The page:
My favorite place to look for new ideas is in the 52 week low bin. Most of the companies on the list are there for good reasons, but occasionally you can pick up a great stock that's just temporarily been derailed. Sometimes a company finds itself on the list because of a problem that’s specific to the company, and other times it’s because the industry is out of favor. Just in the last few weeks we’ve seen a group of shippers on the list at the same time, and we’ve seen groups of banks and insurers make appearances as well.
Insiders sell for many reasons. Sometimes even directors and management need to diversify. Other times there may be something going on in their personal life such as buying a new house where they need to get some liquidity. Then, of course, sometimes that just may think that valuations are high.
On the other hand, there’s usually only one reason for an insider to buy on the open market: They think the stock price is going up, or they want to give the impression they think that. Insiders fall victim to the same emotions as all investors, so it doesn’t pay to blindly follow an insider purchase, but it is a great place to start some research.
Below are three stocks that are near their 52 week lows and that also have insider buying. By combining these two indicators, we can drill down into just a few names in which to focus.
First South Bancorp (FSBK): First South has been bumping along the new low list since December when they announced a preliminary quarterly loss and a suspension of their dividend. In this situation, you have to wonder if the bank can even survive. CFO William Wall seems to think so. He’s made two purchases in the last few weeks. Tempering the enthusiasm, they’ve only been for $1,500 and $3,000. Even so, no one forced him to buy and I don’t think he would believe a purchase so small would inspire confidence in and of itself. Wall owns about 100,000 shares of FSBK stock in total.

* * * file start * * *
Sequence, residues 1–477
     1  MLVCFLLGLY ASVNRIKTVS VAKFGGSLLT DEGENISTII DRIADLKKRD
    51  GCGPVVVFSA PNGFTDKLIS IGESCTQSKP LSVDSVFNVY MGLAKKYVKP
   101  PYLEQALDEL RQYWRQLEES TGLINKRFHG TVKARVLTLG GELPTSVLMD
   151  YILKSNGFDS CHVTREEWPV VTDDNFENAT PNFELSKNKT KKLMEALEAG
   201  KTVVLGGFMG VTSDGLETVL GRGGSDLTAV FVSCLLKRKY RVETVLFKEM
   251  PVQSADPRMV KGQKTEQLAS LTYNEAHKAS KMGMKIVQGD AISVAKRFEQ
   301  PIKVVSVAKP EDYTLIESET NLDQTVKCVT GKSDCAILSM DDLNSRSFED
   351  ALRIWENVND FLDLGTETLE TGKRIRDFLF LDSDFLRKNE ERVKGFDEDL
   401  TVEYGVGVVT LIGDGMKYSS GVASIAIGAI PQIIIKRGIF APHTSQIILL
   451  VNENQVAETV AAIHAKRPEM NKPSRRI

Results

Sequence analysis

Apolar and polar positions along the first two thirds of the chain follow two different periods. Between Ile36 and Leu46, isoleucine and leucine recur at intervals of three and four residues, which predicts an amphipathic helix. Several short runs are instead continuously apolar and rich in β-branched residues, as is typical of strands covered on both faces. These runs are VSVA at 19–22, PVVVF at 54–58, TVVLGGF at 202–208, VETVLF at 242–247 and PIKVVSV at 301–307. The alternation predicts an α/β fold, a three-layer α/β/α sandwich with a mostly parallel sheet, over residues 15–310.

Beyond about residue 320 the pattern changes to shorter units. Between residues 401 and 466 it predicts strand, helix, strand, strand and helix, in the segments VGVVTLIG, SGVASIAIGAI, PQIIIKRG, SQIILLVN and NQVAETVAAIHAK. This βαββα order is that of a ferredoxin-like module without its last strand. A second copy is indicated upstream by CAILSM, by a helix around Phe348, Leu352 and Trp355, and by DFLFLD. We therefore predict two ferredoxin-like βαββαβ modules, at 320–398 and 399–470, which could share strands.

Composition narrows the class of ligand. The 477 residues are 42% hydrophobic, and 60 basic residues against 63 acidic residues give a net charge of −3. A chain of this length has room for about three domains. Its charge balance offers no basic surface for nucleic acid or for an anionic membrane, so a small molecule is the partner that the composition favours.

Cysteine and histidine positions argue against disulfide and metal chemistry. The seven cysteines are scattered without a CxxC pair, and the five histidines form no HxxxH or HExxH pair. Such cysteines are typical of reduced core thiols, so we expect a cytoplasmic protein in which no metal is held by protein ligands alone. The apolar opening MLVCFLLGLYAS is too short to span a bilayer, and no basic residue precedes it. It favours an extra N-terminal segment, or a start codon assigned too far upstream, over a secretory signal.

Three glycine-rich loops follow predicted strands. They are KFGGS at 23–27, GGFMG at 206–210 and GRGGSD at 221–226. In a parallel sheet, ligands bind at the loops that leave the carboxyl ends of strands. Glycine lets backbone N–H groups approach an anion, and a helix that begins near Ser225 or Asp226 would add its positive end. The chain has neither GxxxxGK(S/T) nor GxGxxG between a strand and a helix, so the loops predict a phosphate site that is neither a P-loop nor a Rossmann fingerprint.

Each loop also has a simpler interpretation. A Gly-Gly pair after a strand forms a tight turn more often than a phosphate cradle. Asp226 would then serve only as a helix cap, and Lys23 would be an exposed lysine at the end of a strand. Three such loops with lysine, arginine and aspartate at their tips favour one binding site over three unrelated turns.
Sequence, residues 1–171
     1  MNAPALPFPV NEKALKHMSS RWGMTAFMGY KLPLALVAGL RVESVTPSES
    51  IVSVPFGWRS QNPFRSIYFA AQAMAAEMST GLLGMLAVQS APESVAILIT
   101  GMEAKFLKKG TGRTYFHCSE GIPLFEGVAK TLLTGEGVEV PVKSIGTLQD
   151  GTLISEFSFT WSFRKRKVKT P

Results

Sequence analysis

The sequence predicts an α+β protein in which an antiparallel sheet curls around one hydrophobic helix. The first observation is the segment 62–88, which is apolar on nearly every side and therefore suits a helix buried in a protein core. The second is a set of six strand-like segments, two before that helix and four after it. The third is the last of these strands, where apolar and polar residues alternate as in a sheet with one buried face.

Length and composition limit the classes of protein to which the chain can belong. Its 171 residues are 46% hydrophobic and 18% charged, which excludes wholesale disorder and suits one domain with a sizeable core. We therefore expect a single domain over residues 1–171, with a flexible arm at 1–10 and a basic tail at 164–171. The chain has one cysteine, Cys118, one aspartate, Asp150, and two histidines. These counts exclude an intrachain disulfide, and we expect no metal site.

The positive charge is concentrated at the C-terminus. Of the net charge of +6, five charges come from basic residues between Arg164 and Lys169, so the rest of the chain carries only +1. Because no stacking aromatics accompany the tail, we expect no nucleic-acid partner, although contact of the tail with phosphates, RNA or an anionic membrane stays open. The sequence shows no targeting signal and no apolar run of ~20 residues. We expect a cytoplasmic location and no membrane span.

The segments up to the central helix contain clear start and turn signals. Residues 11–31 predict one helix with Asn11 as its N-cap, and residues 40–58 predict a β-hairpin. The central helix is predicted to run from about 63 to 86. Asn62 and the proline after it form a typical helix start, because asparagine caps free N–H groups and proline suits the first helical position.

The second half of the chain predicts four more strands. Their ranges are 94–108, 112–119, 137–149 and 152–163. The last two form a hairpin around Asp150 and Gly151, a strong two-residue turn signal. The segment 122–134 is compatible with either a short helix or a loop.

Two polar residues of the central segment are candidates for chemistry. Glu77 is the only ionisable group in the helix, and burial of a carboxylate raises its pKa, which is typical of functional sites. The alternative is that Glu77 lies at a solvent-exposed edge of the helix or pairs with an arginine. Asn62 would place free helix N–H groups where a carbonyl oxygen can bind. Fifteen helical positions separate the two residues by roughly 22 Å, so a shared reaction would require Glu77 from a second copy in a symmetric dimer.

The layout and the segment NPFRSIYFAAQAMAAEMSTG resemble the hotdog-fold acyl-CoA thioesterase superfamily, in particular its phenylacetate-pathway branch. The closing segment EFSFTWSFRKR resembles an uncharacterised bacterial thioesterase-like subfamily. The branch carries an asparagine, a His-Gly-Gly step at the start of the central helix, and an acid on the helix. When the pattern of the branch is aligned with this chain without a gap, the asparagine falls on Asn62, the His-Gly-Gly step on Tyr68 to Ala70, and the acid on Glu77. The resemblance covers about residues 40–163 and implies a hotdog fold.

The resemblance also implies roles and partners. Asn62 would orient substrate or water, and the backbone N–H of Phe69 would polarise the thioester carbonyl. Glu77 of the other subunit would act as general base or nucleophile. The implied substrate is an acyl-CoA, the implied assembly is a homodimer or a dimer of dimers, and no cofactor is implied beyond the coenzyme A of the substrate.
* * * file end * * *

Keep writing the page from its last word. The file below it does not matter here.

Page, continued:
MannKind Corp. (MNKD): CEO Alfred Mann has been buying up MannKind shares since October 700,000 shares at a time. He’s made seven separate 700,000 share purchases with his final purchase coming after their insular inhaler rejection by the FDA. That rejection pushed MannKind to 52 week lows. Biotechs can be different than other stocks, and billionaire Mann isn’t going broke any time soon, but the fact he bought after the rejection letter means there may be some potential left.
Strayer (STRA): Strayer has had a rough six months. In August, Congress and the administration started cracking down on for-profit schools like Strayer, sending their stock price down from the $240s to $120 where it stands today. Two directors have been buying since October. Robert Grusky has made four separate purchases for a total of 1,400 shares. That’s worth about $168,000 at today’s price. Todd Milano has made two smaller purchases worth about $16,000. It should also be noted that Milano made a $240,000 purchase in August when shares were in the $160s. Some value investors also moving in to Strayer for a fallen angel trade.